Before the lights on the tree, before the stockings on the mantel, there's the wreath on the door -- the first welcome sign of the holidays.
Or is there? If the prospect of doing the same old thing (standard greenery, big red bow) for the umpteenth year leaves you cheerless, how about opening the door to change?
Our search for alternatives to the ubiquitous green wreath/red bow led us to three people with some design-savvy approaches to decorating for the holidays. Two are professional floral designers; one is an antiques dealer and collector. All agreed the front door was the perfect place to try new variations on familiar themes. "Traditional colors are great, but you can still have fun," says David Millspaugh, of Ultra Violet Flowers in the District of Columbia.
We gave them each an outside limit of $100 to spend on materials -- admittedly a lot, but we figured it would pay dividends in neat ideas the rest of us could adapt to our own budgets. As it turned out, depending on what you have in your yard or on your shelves, replicating what they did might not cost much more than a few cans of snow spray.
Then, we stood back and watched as they rose to the creative challenge.
Double doors like those found on many historic houses present an opportunity. Like identical twins, people tend to dress them the same.
But Millspaugh, lead designer at the Ultra Violet shop in Georgetown, decided to tweak the notion of perfect symmetry.
To decorate a town house in the shadow of the Supreme Court, he took his cue from Christmas red and green, but gave the palette a fresh look by edging into orange and chartreuse. "I like to be funky enough to inspire, but not so weird you'll want to look the other way," he says.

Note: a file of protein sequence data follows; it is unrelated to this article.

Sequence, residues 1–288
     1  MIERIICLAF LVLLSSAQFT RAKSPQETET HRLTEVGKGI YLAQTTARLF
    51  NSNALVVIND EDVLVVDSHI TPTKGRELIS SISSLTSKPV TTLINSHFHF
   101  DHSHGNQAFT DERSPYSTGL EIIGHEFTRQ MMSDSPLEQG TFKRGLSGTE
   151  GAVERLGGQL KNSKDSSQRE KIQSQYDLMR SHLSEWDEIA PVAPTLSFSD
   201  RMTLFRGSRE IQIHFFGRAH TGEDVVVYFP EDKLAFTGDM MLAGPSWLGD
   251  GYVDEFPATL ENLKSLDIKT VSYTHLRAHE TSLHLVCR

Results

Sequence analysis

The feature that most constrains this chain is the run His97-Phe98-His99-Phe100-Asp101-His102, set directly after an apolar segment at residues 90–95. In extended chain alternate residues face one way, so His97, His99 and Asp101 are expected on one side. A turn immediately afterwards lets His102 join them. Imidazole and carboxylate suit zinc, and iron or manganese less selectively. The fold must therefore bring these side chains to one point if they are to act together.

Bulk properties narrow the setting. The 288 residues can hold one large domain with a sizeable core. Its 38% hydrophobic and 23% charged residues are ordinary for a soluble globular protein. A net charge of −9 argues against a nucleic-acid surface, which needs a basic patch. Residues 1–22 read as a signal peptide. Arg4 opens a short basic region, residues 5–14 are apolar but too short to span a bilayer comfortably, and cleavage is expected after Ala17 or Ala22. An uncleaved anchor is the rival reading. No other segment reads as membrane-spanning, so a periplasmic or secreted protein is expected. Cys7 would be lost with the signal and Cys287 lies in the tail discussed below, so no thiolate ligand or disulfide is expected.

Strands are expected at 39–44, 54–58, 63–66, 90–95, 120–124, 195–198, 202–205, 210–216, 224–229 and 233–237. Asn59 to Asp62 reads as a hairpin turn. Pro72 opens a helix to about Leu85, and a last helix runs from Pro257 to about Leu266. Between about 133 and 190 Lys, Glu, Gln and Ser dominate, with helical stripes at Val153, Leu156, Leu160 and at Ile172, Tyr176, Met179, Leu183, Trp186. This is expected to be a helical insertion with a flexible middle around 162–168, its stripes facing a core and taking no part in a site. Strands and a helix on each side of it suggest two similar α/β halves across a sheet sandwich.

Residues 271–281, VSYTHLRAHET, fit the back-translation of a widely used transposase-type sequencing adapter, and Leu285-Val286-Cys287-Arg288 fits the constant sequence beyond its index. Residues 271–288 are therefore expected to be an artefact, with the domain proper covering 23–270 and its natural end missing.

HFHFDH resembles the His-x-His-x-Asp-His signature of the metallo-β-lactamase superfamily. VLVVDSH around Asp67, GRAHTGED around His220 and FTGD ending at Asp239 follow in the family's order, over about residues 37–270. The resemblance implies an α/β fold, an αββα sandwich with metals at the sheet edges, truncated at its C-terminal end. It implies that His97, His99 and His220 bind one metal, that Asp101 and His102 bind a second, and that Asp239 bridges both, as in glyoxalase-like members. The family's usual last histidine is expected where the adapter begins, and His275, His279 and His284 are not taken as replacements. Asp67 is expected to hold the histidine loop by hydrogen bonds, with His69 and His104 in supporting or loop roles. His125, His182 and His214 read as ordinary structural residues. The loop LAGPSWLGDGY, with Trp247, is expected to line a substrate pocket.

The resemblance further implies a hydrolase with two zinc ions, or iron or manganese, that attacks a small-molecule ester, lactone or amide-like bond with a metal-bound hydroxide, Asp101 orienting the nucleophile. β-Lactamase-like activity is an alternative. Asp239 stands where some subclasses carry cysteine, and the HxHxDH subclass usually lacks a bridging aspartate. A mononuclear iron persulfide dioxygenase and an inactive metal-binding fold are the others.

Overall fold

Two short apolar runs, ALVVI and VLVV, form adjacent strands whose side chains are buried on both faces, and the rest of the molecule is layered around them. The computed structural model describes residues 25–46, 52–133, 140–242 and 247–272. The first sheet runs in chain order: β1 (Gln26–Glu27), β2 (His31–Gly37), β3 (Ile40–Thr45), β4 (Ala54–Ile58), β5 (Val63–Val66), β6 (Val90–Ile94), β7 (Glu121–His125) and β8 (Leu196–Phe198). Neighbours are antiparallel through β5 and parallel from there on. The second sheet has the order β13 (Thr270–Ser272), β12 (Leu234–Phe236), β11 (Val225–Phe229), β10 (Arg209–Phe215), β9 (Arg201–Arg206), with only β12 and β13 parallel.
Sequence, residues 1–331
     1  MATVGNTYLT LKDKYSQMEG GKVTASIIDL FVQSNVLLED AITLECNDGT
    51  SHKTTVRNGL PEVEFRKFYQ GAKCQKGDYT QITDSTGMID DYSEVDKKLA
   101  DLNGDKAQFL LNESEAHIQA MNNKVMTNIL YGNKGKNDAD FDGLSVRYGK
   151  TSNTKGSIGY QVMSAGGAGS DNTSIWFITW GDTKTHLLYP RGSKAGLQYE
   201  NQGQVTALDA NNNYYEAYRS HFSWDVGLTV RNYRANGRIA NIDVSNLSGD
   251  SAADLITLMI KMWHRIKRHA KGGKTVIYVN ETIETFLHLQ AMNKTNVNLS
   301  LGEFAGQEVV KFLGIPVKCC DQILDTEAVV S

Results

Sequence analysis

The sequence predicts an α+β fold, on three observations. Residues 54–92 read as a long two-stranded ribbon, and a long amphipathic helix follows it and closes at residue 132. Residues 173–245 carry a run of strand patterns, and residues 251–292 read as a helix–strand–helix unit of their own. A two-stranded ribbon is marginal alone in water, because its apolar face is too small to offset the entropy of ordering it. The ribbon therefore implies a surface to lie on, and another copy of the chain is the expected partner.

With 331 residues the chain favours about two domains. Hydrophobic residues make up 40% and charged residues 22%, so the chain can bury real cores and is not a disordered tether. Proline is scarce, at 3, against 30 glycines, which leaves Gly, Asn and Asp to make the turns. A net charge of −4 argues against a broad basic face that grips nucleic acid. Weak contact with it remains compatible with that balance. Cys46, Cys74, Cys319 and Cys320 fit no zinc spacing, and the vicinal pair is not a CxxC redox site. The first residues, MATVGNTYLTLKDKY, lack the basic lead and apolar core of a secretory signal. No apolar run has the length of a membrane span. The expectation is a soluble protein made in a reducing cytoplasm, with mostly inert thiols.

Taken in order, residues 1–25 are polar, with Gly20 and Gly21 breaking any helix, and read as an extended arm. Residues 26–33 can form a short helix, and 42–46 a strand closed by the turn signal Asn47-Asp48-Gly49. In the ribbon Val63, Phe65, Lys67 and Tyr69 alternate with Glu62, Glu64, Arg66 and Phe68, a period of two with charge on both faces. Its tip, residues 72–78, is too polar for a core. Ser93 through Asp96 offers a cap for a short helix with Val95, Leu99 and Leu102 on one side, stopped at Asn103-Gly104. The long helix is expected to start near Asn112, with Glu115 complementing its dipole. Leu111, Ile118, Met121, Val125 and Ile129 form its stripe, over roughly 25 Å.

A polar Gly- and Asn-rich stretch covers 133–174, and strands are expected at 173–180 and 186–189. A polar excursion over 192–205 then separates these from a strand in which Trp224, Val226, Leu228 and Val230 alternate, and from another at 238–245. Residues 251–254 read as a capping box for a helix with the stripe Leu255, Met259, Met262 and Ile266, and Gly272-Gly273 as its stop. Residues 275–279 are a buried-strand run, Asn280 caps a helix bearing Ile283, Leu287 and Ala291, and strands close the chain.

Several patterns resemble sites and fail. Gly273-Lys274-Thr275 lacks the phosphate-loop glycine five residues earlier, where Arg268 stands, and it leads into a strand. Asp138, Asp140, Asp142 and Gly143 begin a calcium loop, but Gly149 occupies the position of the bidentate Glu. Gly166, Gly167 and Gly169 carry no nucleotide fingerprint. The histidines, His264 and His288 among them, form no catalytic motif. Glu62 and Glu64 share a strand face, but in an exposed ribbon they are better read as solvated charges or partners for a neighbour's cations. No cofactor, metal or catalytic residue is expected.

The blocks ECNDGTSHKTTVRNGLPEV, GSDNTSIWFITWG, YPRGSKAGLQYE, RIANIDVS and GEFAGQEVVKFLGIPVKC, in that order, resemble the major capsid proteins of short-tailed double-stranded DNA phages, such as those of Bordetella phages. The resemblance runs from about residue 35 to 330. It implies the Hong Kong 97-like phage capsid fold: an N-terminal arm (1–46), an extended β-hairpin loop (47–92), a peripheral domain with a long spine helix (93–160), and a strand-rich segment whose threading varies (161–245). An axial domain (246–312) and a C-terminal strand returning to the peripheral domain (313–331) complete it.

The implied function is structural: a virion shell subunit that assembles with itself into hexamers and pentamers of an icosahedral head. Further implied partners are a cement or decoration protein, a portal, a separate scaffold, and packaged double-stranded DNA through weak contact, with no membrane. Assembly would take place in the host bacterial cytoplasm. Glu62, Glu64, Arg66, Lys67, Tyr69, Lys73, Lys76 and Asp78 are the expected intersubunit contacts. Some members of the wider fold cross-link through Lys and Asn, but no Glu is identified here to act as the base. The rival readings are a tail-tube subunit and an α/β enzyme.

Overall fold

Millspaugh constructed a garland of reddish berries glittering on leafless branches to frame 10-foot doors at the top of a steep cast-iron staircase. Sprays of more berries and fruit were added to each door, and a pair of striking chartreuse planters mounded with apples and tangerines placed to stand sentry in front. For fun, he lined the lintel with more fruit.
Sticking to a few good colors, he says, is part of his design focus. "I don't like 12 kinds of berries, so I limited myself to just a few."
To make the garland, he used similar -- but not identical -- materials on either side of the doors. One half of the garland was made up of short branches of scarlet nandina wired together into a rope. The other half had paired sprigs of western pepperberry and deciduous winterberry, which have berries of a truer red. Because his client had said no nails in the doors, Millspaugh wired the sprays of fruit and berries to the door knockers. A few nails around the edge of the frame were all it took to anchor the garland.
Millspaugh says making each half slightly different created tension and balance -- "that yin and yang thing."
The green planters were a case in point. The one on the nandina side was mounded with tangerines; the pepperberry side was bright with Red Delicious apples.
To give the appearance of an abundance of fruit without buying out the grocery store, Millspaugh slipped an empty box into each large pot; on top of that he added floral Oasis foam brick shaved into a mound; over this, a single layer of fruit was speared in place. Finally, green moss was tucked between the fruits to make a verdant nest. "With luck," he says, "they'll last at least two weeks. Pomegranates might be hardier." (He found the pots at Smith & Hawken for $200 apiece, but he says terra cotta would be fine.)